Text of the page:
What inspired that particular set of songs?

The inspiration for these songs started the moment we checked out DOCKSIDE STUDIO. Just taking in this amazing studio got the ball rolling for the song ideas and it became our fantasy to record an album there. After we visited the studio we continued with our tour and a lot of the songs on the album were written during the remainder of the tour. Some of the songs were written in Europe and I remember being in Italy and looking at the architecture which reminded me of having a cup of coffee in New Orleans. It was my love of Louisiana that sparked the writing of these songs.

Describe the songwriting process for you. How do you go about it?

It happens a couple of different ways. With this album there was more intention behind writing the songs. I had a lot of imagery and experiences to work with and all I had to do was still down and start playing the guitar. When I start playing I try to find a chord progression and a hook that I haven't come up with before and it usually helps when I have a device of some sort to try to capture the moment. Once I've got the music locked down. I try working on the lyrics. With my songs I try to write little stories. I'm constantly writing things down and once I fell like I've got the lyrics of a song down I take music that I've come up with and I try to put it all together. Outside of this or that phone app, this is pretty much the process I've used for most of my life. I used to carry around one of those mini-cassette recorders to try and record everything. I also find that driving is the best time to try to come up with song ideas because when you are on the road it creates a rhythm and it allows you to go over ideas repetitiously and I star to get a clearer idea of what I would like to do musically and if CELESTE is with me, we can come up with ideas together.

From the album, what songs stand out for you the most and why?

COME THE RAIN is the lone rocker on the album. It was inspired by a TAJ MAHAL song I had heard on SPOTIFY. I thought that there was something amazing about the simplicity of the song and I wanted to try to do something like that with this chord structure I had come up with. Lyrically I wanted to compare the flood of a bayou to a relationship that has gone out of control and the song emerged really quickly. It was the last song written for the album and it's the last song on the track listing for the album. Another song that stands out for me is BLUE DELTA HOME. I don't remember where I wrote it. It's a song about living in the south. It's a relationship song and CELESTE sings an amazing harmony on it. Those two songs are definitely the high points for me from this album. I really enjoy them.

At what point did you realize that being a performer was what you were going to do?

It started by me listening to old records in the seventies. I grew up in Montana and a lot of the music that I was first introduced to came from my parents and my older brother and that included music from people like NEIL YOUNG, CHET ATKINS and CHARLEY PRIDE. The first instrument I eve played was the piano and through that I became enthralled by artists like ELTON JOHN and CHUBBY CHECKER. I was ten years old when I picked up the guitar and it was strange to me how easily I was able to figure it out. Once I figured it out I wanted explore all of these harmonies that I heard from artists like CROSBY STILLS & NASH and CAT STEVENS. Their harmonies fascinated me. And there were these guitar tones from artists like LED ZEPPELIN and QUEEN and that I really wanted to understand. I always felt like I could never do what these amazing people could do, but I never gave up. Keep in mind that this was the seventies and I was living in Montana so it wasn't easily accessible. A lot of the music I saw being performed was on HEE HAW or DON KIRSHNER'S IN CONCERT. Through all of that I knew that I wanted to be a performer but at the time I was really afraid of playing in front of people. I would just freeze up during a piano recital but I knew that being a performer was something that I wanted to be.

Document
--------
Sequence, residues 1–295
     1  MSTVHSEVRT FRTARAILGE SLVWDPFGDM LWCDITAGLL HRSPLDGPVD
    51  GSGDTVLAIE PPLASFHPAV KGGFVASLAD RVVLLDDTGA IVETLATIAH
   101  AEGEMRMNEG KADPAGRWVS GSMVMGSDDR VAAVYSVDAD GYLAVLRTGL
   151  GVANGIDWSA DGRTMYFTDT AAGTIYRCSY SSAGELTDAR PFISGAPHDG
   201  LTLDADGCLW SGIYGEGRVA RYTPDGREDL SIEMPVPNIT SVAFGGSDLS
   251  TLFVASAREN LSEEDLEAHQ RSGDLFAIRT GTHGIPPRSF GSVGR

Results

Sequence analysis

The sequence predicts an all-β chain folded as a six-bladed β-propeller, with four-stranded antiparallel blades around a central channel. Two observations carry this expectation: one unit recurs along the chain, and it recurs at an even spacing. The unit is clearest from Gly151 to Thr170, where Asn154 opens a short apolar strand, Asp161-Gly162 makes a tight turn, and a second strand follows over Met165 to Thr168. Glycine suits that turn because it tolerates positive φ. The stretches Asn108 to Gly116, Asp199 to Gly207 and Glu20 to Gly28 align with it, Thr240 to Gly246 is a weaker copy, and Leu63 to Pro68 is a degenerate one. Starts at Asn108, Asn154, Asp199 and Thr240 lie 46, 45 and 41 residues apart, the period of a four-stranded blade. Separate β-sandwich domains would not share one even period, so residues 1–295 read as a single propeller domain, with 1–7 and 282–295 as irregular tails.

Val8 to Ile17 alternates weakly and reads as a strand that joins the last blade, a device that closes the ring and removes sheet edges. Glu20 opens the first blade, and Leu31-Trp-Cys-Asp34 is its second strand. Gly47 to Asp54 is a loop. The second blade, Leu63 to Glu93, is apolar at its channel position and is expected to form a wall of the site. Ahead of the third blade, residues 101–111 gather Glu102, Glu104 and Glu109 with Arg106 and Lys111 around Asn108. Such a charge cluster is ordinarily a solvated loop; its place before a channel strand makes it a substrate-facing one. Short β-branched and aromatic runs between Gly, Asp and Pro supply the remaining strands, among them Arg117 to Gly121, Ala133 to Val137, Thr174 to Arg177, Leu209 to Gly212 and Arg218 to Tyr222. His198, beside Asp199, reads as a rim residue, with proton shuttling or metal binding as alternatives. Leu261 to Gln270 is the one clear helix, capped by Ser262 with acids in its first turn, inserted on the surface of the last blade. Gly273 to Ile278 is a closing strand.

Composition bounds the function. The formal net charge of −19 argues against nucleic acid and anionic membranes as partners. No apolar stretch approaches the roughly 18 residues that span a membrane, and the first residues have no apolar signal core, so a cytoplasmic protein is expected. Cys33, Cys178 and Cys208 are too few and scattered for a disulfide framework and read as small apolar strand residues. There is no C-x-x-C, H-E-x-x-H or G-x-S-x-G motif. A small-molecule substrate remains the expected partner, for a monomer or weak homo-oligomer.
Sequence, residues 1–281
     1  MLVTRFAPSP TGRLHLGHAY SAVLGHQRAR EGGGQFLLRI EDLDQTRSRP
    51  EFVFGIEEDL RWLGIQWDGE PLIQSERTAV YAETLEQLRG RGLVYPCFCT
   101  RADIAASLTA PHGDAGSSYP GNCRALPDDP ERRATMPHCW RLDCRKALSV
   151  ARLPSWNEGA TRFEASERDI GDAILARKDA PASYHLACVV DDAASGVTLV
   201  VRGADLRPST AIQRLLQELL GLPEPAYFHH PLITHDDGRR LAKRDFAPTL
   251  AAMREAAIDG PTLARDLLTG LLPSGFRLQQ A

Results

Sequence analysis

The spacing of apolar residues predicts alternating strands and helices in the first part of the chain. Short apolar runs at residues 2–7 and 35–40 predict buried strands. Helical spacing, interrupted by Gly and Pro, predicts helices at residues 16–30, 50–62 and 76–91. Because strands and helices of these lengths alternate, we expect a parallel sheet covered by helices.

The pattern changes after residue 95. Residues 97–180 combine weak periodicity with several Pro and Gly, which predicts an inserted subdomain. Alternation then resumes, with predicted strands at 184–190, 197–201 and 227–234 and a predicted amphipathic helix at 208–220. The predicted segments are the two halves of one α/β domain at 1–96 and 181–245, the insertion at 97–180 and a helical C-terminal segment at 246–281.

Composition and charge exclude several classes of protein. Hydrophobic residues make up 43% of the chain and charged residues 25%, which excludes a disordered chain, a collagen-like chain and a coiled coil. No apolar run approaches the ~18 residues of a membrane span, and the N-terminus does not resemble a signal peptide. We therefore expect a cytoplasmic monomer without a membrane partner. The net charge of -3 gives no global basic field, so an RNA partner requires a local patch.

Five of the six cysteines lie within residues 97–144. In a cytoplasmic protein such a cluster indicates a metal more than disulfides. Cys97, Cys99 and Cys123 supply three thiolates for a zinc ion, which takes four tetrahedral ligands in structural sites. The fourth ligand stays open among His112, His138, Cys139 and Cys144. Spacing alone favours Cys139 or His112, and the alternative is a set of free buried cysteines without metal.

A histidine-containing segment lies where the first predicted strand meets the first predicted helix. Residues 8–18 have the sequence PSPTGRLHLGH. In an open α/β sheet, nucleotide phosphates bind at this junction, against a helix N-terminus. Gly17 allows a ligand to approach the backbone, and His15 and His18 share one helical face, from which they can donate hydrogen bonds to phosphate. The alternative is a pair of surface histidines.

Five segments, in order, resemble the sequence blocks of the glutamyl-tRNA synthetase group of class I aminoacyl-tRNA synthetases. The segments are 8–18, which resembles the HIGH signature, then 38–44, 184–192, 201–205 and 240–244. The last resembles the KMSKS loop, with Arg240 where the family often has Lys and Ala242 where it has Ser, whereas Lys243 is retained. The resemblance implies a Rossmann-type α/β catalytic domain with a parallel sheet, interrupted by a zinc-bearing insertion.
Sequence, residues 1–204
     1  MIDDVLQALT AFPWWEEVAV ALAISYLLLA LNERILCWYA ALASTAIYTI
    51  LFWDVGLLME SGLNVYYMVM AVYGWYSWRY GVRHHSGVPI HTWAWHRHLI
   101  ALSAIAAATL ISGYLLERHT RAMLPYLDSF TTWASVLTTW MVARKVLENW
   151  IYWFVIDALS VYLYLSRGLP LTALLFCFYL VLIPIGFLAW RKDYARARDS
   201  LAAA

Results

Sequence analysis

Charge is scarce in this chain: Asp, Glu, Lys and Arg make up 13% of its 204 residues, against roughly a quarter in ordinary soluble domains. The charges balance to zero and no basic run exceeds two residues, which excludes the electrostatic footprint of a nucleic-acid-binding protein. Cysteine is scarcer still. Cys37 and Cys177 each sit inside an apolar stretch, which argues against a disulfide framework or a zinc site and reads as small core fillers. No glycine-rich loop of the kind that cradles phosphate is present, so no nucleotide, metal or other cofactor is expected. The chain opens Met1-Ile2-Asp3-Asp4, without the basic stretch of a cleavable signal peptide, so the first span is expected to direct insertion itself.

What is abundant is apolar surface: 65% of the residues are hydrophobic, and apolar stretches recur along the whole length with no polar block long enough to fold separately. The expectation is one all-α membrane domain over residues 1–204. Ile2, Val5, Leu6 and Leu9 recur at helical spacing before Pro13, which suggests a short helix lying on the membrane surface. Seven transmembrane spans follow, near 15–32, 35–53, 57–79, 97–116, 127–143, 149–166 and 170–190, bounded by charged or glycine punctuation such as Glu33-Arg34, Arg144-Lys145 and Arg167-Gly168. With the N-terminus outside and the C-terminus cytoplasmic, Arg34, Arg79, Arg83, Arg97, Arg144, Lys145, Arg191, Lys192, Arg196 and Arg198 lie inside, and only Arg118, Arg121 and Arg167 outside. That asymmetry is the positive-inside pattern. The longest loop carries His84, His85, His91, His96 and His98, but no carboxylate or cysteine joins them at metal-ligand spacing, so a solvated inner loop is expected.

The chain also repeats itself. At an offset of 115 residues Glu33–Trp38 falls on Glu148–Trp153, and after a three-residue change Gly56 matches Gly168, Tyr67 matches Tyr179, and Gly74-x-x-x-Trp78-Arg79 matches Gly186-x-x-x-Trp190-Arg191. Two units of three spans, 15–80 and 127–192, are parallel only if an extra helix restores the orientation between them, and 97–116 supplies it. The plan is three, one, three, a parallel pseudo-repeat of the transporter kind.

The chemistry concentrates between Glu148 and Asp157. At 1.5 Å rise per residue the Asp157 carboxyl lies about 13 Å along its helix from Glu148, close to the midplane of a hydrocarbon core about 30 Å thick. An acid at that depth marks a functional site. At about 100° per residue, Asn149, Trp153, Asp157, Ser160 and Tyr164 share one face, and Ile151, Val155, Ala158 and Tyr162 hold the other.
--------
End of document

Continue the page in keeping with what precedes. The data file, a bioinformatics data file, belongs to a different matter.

What's next for you musically?

Funny that you ask that. At the moment I'm working on the pre-production for the upcoming GHOST DOG album. With everything going on in the world right now this band is my primary focus. Outside of GHOST DOG the next thing I'd like to do is a solo acoustic album. I've got a lot of time these days to create and to focus.

FOR MORE iNFORMATiON GO TO: Lush is a music industry professional and entrepreneur. In 2005 he launched the online music site to help promote new music artists in conjunction with the weekly radio show Rockwired Live which aired on KTSTFM.COM from 2005 - 2009. In 2010 He launched the daily podcast series Rockwired Radio Profiles which features exclusive interviews and music. He has also developed and produced the online radio shows Jazzed and Blue - Profiles in Blues and Jazz, Aboriginal Sounds - A Celebration of American Indian and First Nations Music, The Rockwired Rock N Roll Mixtape Show and The Rockwired Artist of the Month Showcase. In 2012, Brian Lush and his company Rockwired Media LLC launched the monthly digital online publication Rockwired Magazine. The magazine attracts over 75,000 readers a month and shows no signs of stopping. Rockwired Magazine also bares the distinction of being the first American Indian-owned rock magazine. Brian Lush is an enrolled member of the Yankton Sioux Tribe. Brian Lush's background in music journalism, radio and podcast hosting, podcast production, web design, publicity, advertising sales, social media and online marketing, strategic editorial planning and branding have all made Rockwired a name that is trusted and respected throughout the independent music industry.